|Year : 2012 | Volume
| Issue : 8 | Page : 304-306
Lymphocytic hypophysitis masquerading as pituitary adenoma
Rajneesh Mittal1, Pramila Kalra1, Mala Dharmalingam1, Ravi Gopal Verma2, Sanjay Kulkarni3, Pushparaja Shetty4
1 Department of Endocrinology, MS Ramaiah Medical College, Bangalore, India
2 Department of Neurosurgery, MS Ramaiah Medical College, Bangalore, India
3 Department of Medicine, MS Ramaiah Medical College, Bangalore, India
4 Department of Neurology, MS Ramaiah Medical College, Bangalore, India
|Date of Web Publication||4-Jan-2013|
Room Number 103, Department of Endocrinology, MS Ramaiah Medical College, Bangalore
Source of Support: None, Conflict of Interest: None
| Abstract|| |
Introduction: Pituitary hypophysitis (PH) is characterized by pituitary infiltration of lymphocytes, macrophages, and plasma cells that could lead to loss of pituitary function. Hypophysitis may be autoimmune or secondary to systemic diseases or infections. Based on the histopathological findings PH is classified into lymphocytic, granulomatous, xanthomatous, mixed forms (lymphogranulomatous, xanthogranulomatous), necrotizing and Immunoglobulin- G4 (IgG4) plasmacytic types. Objective: To report a case of lymphocytic hypophysitis (LH). Case Report: A 15-year-old girl presented with history of headache, amenorrhea, and history of polyuria for past 4 months. Initial evaluation had suppressed follicular stimulating hormone (<0.01 mIU/ml), high prolactin levels (110.85 ng/ml) and diabetes insipidus (DI). Magnetic resonance imaging of sella was suggestive of pituitary macroadenoma with partial compression over optic chiasma. Patient underwent surgical decompression. Yellowish firm tissue was evacuated and xanthochromic fluid was aspirated. Histopathology was suggestive of LH. She resumed her cycles postoperatively after 4 months, prolactin levels normalized, however, she continues to have DI and is on desmopressin spray. This case has been presented here for its rare presentation in an adolescent girl because it is mostly seen in young females and postpartum period and its unique presentation as an expanding pituitary mass with optic chiasma compression. Conclusion: Definitive diagnosis of LH is based on histopathological evaluation. Therapeutic approach should be based on the grade of suspicion and clinical manifestations of LH.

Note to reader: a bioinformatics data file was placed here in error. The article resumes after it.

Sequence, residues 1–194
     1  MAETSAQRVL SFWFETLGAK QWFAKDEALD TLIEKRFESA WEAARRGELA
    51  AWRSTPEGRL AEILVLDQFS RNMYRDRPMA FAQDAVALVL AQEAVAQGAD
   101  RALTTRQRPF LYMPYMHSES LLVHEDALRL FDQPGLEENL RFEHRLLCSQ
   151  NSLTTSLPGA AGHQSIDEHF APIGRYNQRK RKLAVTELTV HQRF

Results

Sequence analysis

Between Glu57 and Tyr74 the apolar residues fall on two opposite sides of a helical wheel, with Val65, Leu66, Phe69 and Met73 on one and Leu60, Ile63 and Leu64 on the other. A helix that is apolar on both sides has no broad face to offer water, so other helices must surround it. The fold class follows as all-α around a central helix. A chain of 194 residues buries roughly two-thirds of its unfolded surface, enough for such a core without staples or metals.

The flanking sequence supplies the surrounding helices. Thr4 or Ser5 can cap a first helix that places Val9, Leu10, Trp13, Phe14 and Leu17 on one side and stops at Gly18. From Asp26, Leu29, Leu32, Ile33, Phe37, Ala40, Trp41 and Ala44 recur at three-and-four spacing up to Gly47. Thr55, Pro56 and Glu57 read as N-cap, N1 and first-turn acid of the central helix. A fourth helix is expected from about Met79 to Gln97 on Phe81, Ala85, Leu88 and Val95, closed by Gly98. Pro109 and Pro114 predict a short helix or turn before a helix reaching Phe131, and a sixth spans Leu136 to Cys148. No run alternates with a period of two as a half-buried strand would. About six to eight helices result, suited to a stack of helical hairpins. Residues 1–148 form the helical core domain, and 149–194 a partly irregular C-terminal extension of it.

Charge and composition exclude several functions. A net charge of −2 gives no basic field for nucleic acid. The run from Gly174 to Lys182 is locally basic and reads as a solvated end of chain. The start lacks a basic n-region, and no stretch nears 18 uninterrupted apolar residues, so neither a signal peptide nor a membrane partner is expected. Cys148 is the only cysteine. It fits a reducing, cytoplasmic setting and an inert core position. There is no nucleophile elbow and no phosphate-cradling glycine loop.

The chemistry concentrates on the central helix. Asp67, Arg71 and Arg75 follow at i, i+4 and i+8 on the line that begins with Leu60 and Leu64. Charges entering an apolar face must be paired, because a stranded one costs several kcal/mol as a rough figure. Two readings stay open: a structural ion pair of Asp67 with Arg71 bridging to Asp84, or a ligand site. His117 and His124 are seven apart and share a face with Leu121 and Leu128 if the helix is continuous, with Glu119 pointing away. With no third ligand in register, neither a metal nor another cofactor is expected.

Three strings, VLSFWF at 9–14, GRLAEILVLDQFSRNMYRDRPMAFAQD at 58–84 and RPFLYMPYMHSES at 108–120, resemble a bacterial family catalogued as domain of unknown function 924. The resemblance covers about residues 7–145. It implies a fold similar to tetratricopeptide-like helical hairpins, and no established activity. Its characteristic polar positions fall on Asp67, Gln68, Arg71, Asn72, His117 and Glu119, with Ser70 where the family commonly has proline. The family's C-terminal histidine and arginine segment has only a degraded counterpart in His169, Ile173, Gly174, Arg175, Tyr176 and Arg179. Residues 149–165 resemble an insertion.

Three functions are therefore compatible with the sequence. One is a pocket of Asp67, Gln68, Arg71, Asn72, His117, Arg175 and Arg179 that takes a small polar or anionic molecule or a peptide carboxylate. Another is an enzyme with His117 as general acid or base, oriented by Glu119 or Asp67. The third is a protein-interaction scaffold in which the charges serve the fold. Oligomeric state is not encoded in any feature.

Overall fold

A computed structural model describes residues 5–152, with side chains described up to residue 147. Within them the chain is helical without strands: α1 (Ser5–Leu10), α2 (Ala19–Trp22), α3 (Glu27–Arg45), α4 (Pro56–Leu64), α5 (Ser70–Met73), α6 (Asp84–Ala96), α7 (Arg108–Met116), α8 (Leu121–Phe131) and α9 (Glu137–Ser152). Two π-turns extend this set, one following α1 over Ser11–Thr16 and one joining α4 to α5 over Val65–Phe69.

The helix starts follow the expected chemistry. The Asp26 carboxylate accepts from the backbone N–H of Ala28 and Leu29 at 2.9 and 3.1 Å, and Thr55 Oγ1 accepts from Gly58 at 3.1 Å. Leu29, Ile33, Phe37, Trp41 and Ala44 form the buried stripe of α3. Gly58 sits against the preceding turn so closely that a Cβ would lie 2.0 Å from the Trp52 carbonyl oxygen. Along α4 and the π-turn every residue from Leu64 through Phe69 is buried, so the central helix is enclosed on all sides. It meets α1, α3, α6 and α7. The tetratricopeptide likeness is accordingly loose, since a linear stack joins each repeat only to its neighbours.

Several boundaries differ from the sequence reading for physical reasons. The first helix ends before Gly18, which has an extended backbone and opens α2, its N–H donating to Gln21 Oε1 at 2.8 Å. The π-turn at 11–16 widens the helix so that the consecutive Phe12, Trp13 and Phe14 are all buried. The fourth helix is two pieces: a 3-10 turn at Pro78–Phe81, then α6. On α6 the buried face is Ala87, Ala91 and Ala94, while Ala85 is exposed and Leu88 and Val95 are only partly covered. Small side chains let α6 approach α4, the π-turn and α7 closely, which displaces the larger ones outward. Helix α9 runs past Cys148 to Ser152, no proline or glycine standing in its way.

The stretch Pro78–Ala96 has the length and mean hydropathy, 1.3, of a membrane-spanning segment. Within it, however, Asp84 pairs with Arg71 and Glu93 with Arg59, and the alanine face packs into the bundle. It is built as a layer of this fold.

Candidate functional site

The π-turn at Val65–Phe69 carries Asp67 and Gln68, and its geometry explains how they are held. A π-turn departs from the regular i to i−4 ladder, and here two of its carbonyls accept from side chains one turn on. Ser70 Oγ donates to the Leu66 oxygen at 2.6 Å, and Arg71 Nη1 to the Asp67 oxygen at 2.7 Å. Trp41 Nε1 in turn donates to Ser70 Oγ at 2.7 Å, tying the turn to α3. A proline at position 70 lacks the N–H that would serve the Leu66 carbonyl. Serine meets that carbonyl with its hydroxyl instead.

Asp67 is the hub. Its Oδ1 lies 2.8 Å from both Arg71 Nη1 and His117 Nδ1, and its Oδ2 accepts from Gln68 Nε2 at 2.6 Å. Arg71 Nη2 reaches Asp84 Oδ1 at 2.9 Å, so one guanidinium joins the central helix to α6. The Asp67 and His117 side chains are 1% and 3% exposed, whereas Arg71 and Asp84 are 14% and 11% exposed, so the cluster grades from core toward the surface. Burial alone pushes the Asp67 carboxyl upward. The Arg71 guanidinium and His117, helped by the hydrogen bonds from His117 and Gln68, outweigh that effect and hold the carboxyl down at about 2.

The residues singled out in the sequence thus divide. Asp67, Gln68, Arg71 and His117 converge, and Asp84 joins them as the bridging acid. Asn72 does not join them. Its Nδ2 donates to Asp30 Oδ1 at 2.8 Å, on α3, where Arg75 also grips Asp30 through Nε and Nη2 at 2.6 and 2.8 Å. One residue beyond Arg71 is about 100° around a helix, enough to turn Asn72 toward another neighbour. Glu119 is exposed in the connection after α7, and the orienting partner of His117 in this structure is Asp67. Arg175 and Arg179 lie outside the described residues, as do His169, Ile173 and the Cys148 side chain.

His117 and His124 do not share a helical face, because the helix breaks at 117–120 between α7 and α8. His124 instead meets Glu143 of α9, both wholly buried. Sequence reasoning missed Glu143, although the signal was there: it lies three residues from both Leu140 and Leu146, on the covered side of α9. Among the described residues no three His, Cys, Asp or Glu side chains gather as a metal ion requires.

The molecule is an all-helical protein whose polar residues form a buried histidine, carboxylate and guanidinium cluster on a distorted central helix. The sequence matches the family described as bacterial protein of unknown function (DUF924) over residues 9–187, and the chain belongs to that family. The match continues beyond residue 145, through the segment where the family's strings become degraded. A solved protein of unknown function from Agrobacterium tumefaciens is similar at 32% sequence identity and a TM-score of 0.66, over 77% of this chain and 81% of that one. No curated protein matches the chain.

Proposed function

Keywords: Lymphocytic hypophysitis, autoimmunity, pituitary macroadenoma
|How to cite this article:|
Mittal R, Kalra P, Dharmalingam M, Verma RG, Kulkarni S, Shetty P. Lymphocytic hypophysitis masquerading as pituitary adenoma. Indian J Endocr Metab 2012;16, Suppl S2:304-6
|How to cite this URL:|